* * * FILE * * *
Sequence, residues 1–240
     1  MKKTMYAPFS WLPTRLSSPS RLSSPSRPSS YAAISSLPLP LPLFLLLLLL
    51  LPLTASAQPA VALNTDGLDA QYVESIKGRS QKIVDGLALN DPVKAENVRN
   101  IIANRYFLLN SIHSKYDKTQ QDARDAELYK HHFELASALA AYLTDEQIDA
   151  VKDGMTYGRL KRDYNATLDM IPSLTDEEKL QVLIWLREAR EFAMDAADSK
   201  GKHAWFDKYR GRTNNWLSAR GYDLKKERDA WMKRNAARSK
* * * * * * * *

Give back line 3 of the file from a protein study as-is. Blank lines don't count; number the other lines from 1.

    51  LPLTASAQPA VALNTDGLDA QYVESIKGRS QKIVDGLALN DPVKAENVRN